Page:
Mark explains that, with money from the Bassic deal, he re-built his sound system as a bigger and heavier entity, but after tensions arose with a rival sound from Liverpool who had been trounced at a clash in Leeds, Mark disbanded Ital Rockers and started all over again with Iration Steppas, no longer a party sound, but now channelling a new style of dub. Joining Jah Shaka, Jah Tubbys, Abashanti and Channel One, Mark made new UK roots and dub the focus of the Iration Steppas sound system, with his own productions a key element of the mix. In the film, likeminded practitioners such as the Rootsman and Russ Disciples remind of the prejudice facing the UK steppers producers of the day, whose music was largely seen as second-rate and sub-standard, at least according to the mainstream British music press.
When the Brixton-based bass player, dub producer and top skanking dance man Dennis Rootical came into the picture, things stepped up to another level. We learn of the Kitachi sub-project, who released dubby, junglist trip-hop tracks on the independent Dope on Plastic label in the mid-90s, before Mark and Dennis began concentrating on futuristic dub with a house undercurrent; Dennis reveals that he initially planned to collaborate with Dub Judah on that kind of work, but Judah’s response was lukewarm, whereas he and Mark shared likeminded enthusiasm. They thus began cooking up tunes like ‘High Rise Vibrations,’ referencing the tower block location of Mark’s studio, which pointed dub in a totally different direction, leading to new styles of free expression on the dancefloor, with followers enacting wild moves to the steppers beats. Footage of Mark and Dennis together reveals a close camaraderie and organic working method whose results often surprised its creators as much as their audience.
We learn of the crew’s pioneering move into DAT technology, which was highly controversial at a time when vinyl was the only acceptable format for dub plates, and as the scene continues growing in more recent years, it is clear that Iration Steppas have gone on to influence various forms of techno and post-punk indie music, working via a means of musical symbiosis, since Iration has drawn from those forms as well, and through the process, the team has become renowned internationally, now headlining festivals throughout Europe, instead of the basement dives and community centres of old. And even if the audience at the Sub Bub events they have co-hosted in Leeds since 1998 are majority white, its long-standing staging at the West Indian Cultural Centre heightens their community groundings.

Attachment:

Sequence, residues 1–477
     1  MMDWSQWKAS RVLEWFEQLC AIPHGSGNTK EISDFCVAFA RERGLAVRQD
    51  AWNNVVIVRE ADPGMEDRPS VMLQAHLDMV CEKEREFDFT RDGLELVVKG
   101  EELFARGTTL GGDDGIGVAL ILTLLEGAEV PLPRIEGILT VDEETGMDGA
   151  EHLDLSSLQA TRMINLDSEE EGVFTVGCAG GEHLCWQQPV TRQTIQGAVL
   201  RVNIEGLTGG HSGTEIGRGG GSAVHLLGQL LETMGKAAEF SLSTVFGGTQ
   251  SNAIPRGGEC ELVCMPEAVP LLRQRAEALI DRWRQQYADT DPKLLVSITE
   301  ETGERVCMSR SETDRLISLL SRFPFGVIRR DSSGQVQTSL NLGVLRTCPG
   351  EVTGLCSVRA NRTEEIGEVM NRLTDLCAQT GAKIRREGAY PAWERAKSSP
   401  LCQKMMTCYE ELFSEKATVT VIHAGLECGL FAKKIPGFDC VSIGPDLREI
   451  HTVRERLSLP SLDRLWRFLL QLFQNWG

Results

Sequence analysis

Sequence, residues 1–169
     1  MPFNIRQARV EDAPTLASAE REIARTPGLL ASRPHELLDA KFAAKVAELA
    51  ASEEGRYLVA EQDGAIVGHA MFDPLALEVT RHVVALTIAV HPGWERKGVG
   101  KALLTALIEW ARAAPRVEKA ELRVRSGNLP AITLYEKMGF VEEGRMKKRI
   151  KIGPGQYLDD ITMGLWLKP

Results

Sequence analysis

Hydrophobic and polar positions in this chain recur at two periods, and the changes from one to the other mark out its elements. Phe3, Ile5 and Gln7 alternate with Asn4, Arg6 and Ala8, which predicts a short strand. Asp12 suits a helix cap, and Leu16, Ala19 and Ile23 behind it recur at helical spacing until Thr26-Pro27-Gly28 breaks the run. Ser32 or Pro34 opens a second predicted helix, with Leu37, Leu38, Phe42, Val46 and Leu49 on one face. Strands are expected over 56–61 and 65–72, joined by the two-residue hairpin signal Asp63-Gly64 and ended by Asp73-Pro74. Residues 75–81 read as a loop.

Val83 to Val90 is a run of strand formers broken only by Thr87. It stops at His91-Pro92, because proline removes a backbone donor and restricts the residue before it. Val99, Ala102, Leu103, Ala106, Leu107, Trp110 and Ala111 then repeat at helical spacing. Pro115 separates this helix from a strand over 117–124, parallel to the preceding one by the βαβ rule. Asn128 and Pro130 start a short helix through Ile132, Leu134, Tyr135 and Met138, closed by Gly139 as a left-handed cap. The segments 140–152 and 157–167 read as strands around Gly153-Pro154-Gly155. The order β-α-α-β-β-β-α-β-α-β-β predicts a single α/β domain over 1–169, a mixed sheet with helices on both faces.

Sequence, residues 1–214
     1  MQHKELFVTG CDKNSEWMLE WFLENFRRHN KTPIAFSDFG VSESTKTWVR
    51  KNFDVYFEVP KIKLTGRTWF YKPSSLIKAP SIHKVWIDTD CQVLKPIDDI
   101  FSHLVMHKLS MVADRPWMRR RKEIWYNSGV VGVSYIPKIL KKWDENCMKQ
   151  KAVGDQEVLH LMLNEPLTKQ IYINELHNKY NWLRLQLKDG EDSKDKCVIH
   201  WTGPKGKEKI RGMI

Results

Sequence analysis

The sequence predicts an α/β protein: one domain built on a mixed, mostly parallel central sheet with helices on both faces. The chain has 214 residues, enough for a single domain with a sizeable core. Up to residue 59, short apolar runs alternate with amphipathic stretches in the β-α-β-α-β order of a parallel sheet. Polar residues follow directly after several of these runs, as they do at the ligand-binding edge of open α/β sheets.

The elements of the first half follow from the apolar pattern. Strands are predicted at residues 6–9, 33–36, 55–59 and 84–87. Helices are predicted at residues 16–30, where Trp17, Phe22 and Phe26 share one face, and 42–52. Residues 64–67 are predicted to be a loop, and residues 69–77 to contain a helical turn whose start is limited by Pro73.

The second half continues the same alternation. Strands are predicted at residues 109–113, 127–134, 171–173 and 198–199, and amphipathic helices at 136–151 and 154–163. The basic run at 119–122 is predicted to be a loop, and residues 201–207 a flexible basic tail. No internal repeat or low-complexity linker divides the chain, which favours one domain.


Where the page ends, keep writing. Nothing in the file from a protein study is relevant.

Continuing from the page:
In November 2021, it was an honour and a pleasure to host the London premiere of the film at Dub Me Always, the monthly reggae vinyl night I host at the venue Upstairs at the Ritzy in Brixton, and tickets sold out in a flash, though it has to be said that few regulars were in attendance that night, the crowd very young, white, and largely European, with a few elder Black sound system personnel perched on stools at the back. The film was rapturously received, and during the lively question-and-answer session that followed with Dennis Rootical, we got a sense of the openness that has always defined the shape and feel of Iration Steppas’ releases, Dennis emphasizing that the appeal of house music came partly because musicians and producers are always seeking inspiration from sounds that are outstanding and unique; he sees the introduction of house and techno elements as part of a natural process of progression, and made plain that he and Mark work so well together because of their similar openness and wide-ranging musical tastes.
Officially released by Dubquake in February 2022, In A Vanguard Style ultimately profiles the rich history of Iration Steppas, emerging from the vibrant sound system scenes of Leeds and the broader North, and ultimately highlights the key contribution they have made to the development of dub in Britain. Anyone interested in dub music and sound system culture will have much to glean.
(All images courtesy of Dubquake Records unless stated otherwise)
Born in San Francisco and long resident in London, David Katz is the author of People Funny Boy: The Genius of Lee ‘Scratch’ Perry and Solid Foundation: An Oral History of Reggae. He has produced documentaries for Public Radio International, including Ring the Alarm: A History of Sound System Culture and has hosted the monthly reggae vinyl night Dub Me Always since 2004. Visit him at www.davidkatzreggae.com